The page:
Novel statistical approaches for non-normal censored immunological data: analysis of cytokine and gene expression data

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    Background: For several immune-mediated diseases, immunological analysis will become more complex in the future with datasets in which cytokine and gene expression data play a major role. These data have certain characteristics that require sophisticated statistical analysis such as strategies for non-normal distribution and censoring. Additionally, complex and multiple immunological relationships need to be adjusted for potential confounding and interaction effects. Objective: We aimed to introduce and apply different methods for statistical analysis of non-normal censored cytokine and gene expression data. Furthermore, we assessed the performance and accuracy of a novel regression approach in order to allow adjusting for covariates and potential confounding. Methods: For non-normally distributed censored data traditional means such as the Kaplan-Meier method or the generalized Wilcoxon test are described. In order to adjust for covariates the novel approach named Tobit regression on ranks was introduced. Its performance and accuracy for analysis of non-normal censored cytokine/gene expression data was evaluated by a simulation study and a statistical experiment applying permutation and bootstrapping. Results: If adjustment for covariates is not necessary traditional statistical methods are adequate for non-normal censored data. Comparable with these and appropriate if additional adjustment is required, Tobit regression on ranks is a valid method. Its power, type-I error rate and accuracy were comparable to the classical Tobit regression. Conclusion: Non-normally distributed censored immunological data require appropriate statistical methods. Tobit regression on ranks meets these requirements and can be used for adjustment for covariates and potential confounding in large and complex immunological datasets

    Do we need broad immunological work-up in all patients with CIS?

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    BACKGROUND: The aim of this study was to determine the prevalence of altered immunological tests and their clinical significance in patients with clinically isolated syndrome (CIS) suggestive of multiple sclerosis (MS). ----- PATIENTS AND METHODS: The information was gathered from medical records of patients hospitalized in the Referral Center for Demyelinating Diseases in the 2008-2010 period. All patients had ANA, ENA profile, ANCA, aCl IgG and IgM, C3, C4, CH50, anti-TPO, AST and RF antibodies tested. ----- RESULTS: From 726 patients with CIS that were reviewed, the complete battery of immunological tests was performed in 418 of them (57.6%), representing our cohort. Altered tests were found in 235 patients (56.2%); 73 (17.4%) had positive antinuclear antibodies, 14 (3.3%) had positive ENA, 47 (11.2%) had positive aCl IgG, 83 (19.8%) had positive aCl IgM, and 13 (3.1%) had anti TPO antibodies. We found no correlation between ANA, aCl IgG or IgM positivity (ANA vs aCL IgG p=0.554; ANA vs aCL IgM p=0.19; aCL IgG vs aCL IgM, p=0.155). None of the patients had any clinical manifestations other than MS symptoms. ----- CONCLUSION: These results indicate that significant number of patients with CIS have altered immunological tests but nevertheless none of them had clinical expression of any other autoimmune disease making them clinically insignificant. In conclusion there is no need to perform extensive immunological work-up in all patients with CIS. Contrary, our results argue for more focused testing rather than a battery of screening tests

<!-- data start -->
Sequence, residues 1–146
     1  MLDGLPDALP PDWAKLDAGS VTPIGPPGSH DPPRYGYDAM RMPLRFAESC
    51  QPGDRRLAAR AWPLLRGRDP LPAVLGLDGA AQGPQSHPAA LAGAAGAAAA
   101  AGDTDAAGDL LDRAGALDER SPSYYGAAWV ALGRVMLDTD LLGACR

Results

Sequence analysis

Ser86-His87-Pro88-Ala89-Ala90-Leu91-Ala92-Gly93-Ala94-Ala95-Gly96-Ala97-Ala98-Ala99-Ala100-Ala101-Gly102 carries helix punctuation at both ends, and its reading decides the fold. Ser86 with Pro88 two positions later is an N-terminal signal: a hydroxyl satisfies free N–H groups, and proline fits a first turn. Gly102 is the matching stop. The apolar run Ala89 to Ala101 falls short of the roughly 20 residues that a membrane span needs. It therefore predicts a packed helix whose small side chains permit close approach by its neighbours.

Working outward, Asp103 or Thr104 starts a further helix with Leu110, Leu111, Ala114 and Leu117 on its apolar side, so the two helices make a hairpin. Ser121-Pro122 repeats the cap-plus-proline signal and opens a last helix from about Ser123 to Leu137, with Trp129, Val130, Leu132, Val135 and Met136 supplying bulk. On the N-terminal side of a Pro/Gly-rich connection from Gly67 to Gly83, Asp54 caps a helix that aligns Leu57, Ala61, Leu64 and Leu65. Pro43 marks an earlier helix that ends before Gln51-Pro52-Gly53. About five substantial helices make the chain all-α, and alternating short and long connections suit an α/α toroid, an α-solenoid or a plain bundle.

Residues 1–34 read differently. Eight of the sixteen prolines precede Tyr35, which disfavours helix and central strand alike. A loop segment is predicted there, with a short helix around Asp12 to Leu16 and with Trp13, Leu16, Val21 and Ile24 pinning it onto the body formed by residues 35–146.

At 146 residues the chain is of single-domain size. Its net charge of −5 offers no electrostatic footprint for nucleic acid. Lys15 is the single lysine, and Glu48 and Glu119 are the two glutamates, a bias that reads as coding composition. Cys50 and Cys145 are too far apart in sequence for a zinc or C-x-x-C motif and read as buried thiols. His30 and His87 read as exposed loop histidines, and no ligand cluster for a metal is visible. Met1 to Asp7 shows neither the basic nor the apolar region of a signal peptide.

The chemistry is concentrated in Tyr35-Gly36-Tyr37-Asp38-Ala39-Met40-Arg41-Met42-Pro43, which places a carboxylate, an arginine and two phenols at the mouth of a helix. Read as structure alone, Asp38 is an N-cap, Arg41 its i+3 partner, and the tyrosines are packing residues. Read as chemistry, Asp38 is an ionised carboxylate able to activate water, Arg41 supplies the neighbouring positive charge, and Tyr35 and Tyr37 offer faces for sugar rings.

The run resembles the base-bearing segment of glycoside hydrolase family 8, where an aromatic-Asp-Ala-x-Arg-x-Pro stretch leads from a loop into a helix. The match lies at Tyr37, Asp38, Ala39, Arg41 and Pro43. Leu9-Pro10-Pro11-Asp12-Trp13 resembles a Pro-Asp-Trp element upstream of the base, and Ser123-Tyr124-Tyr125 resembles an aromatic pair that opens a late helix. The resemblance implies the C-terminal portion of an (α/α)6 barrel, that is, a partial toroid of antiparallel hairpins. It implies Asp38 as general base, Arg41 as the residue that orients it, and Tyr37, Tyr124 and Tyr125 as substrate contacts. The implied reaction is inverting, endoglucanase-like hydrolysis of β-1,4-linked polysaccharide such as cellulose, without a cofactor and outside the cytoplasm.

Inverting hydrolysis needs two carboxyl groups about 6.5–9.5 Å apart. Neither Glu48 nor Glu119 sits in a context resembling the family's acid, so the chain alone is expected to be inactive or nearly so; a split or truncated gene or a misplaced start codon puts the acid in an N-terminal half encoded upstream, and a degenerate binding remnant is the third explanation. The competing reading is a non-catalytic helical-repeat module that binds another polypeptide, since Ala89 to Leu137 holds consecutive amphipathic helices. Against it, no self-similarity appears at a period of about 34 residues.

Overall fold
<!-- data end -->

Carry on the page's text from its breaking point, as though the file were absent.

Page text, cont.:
Genetic analysis of immunological traits in tilapia

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    The immunological response to handling stress of four tilapia species is evaluated.Polymorphism is examined in genes known to influence immune response in fish

    Screening vaccine formulations for biological activity using fresh human whole blood.

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    Understanding the relevant biological activity of any pharmaceutical formulation destined for human use is crucial. For vaccine-based formulations, activity must reflect the expected immune response, while for non-vaccine therapeutic agents, such as monoclonal antibodies, a lack of immune response to the formulation is desired. During early formulation development, various biochemical and biophysical characteristics can be monitored in a high-throughput screening (HTS) format. However, it remains impractical and arguably unethical to screen samples in this way for immunological functionality in animal models. Furthermore, data for immunological functionality lag formulation design by months, making it cumbersome to relate back to formulations in real-time. It is also likely that animal testing may not accurately reflect the response in humans. For a more effective formulation screen, a human whole blood (hWB) approach can be used to assess immunological functionality. The functional activity relates directly to the human immune response to a complete formulation (adjuvant/antigen) and includes adjuvant response, antigen response, adjuvant-modulated antigen response, stability, and potentially safety. The following commentary discusses the hWB approach as a valuable new tool to de-risk manufacture, formulation design, and clinical progression